By Paul Davies and Michael Green

dsc20050604_133440_3421In December 2015, world leaders met to negotiate the Paris Agreement. Setting aside whether the Paris Agreement goes too far, not far enough or is just right, one cannot dispute that government commitments to limit an increase in the global average temperature to well below two degrees Celsius will almost certainly impact private equity funds. In particular, regulatory and investor demand are likely to change the way climate-related risks are assessed. As Blackrock notes, “…carbon-heavy industries are not immune from disruption, nor are asset prices from regulatory efforts to mitigate climate change risk. We believe investors should thoughtfully consider these dynamics in order to build sustainable portfolios and take advantage of investment opportunities as we move towards a low-carbon economy”.

The private equity sector is in general paying closer attention to Environment, Social and Governance (ESG) issues throughout the investment cycle, whether voluntarily (for example, KKR’s Green Solutions Platform) or in response to investor pressure. French private equity firms Apax Partners, Ardian, Eurazeo, LBO France and PAI Partners committing to reducing greenhouse gas emissions Private equity goes green across their portfolio companies is perhaps the most recent illustration of this shift in focus.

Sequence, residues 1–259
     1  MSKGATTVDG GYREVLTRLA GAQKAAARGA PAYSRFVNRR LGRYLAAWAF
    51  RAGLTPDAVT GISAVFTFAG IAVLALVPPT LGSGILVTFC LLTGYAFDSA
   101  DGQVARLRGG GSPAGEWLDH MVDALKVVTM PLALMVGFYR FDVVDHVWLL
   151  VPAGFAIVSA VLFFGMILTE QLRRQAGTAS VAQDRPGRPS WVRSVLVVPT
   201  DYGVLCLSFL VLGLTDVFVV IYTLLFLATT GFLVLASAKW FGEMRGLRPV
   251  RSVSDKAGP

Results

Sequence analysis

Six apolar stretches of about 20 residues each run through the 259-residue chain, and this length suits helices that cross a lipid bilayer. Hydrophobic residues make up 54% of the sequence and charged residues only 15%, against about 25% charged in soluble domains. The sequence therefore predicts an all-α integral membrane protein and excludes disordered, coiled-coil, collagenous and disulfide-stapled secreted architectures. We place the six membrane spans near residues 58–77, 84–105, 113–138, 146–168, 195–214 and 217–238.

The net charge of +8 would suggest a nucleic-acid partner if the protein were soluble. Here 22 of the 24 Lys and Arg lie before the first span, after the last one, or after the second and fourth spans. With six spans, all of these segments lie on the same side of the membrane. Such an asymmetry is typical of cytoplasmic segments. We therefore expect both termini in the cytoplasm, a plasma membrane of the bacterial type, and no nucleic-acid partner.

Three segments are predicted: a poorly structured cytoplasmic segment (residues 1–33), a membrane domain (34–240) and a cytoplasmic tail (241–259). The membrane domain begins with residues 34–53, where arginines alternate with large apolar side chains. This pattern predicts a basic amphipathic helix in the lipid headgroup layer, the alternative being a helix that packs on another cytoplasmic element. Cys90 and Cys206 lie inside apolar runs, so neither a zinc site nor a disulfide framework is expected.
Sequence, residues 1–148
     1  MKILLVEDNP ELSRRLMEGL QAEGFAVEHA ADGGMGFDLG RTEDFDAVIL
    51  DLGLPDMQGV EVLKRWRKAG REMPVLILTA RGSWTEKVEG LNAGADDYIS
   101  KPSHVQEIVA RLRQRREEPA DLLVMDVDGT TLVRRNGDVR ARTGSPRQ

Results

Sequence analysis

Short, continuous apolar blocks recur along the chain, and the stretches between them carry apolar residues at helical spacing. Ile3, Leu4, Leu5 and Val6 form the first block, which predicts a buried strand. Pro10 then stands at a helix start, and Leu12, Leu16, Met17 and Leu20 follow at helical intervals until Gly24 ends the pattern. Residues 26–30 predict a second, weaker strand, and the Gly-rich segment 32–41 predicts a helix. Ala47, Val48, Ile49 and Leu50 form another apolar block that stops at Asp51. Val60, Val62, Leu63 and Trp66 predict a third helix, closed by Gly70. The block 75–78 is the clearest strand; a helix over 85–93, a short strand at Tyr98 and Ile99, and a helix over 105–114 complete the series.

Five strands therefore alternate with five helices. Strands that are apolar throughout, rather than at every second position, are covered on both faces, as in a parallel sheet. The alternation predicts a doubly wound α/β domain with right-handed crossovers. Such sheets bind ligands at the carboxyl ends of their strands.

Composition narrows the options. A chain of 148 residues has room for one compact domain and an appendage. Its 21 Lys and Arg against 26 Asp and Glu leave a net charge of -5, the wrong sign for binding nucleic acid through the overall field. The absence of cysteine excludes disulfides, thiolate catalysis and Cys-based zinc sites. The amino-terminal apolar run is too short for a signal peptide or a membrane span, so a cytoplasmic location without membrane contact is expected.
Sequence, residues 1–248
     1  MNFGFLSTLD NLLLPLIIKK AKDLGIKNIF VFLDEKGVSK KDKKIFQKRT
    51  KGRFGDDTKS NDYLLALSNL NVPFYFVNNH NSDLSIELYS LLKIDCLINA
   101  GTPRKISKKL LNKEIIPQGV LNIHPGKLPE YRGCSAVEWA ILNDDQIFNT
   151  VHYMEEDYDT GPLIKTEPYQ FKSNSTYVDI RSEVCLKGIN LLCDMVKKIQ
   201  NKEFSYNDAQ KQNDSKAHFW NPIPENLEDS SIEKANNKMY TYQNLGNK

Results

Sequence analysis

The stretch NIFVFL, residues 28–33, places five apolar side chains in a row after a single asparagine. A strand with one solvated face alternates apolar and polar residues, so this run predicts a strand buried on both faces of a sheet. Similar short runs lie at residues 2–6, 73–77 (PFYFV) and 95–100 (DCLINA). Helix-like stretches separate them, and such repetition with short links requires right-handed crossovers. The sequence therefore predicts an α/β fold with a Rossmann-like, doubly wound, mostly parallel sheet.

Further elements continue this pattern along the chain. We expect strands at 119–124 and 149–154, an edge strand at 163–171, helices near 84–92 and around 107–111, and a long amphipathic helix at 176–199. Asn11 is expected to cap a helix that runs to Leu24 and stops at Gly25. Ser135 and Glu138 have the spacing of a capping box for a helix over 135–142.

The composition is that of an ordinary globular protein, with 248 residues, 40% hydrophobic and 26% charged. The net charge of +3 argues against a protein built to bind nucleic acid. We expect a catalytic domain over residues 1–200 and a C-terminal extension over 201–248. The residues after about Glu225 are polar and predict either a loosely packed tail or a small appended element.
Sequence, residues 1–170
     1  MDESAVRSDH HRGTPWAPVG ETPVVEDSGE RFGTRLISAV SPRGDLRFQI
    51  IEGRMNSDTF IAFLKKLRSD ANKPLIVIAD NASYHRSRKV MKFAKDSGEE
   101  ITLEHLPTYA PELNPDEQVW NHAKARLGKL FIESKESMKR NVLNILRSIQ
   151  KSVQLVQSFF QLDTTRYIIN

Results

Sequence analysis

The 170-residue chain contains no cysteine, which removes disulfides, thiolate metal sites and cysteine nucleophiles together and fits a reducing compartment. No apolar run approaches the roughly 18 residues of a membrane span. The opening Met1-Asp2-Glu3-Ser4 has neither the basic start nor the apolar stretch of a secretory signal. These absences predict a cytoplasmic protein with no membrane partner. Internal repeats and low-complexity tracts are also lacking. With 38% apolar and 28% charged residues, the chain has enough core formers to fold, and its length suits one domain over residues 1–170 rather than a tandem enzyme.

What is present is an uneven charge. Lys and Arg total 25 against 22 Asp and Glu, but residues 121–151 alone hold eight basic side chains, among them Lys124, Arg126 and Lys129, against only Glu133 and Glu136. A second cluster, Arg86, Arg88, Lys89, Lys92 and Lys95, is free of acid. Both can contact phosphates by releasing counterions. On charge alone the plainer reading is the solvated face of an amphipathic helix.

While the Paris Agreement clearly sets governments’ aspirations and goals, the real key to climate change risk mitigation will turn on implementation. To date, the EU has been a leader in terms of regulation in this area with the EU Emissions Trading Scheme and Article 8 of the Energy Efficiency Directive (requiring non-SMEs to undertake energy audits). The UK has also been proactive, with national goals set out in the Climate Change Act 2008 and the implementation — through the CRC Energy Efficiency Scheme and climate change levy — of a tax on UK businesses’ carbon footprint (the UK will abolish CRC from 2019 as the government seeks to simplify carbon-related regulation). Going forward, we anticipate further tightening of existing laws and also the emergence of new controls, particularly in jurisdictions that have previously been less proactive (including China, which will in 2017 launch the largest emissions trading scheme in the world).

This rapidly changing regulatory landscape is also impacting investment behaviour with carbon-intensive assets increasingly considered stranded assets. The World Bank, along with analysts at Citigroup, HSBC and the Carbon Tracker Initiative have all warned of the financial risk that climate change poses to such assets. Indeed, the Portfolio Decarbonization Coalition, a coalition of institutional investors committed to mobilizing financial markets to drive economic decarbonization, is overseeing the reduction in carbon emissions across US$600 billion in assets under management.

Other investors see stranded assets as a significant opportunity, particularly given concerns over the lack of capacity in the energy market. Whatever your view, there will likely be more volatility in this sector. The question yet to be answered is whether these are ‘stranded assets’ or ‘undervalued assets’, or perhaps a combination of both.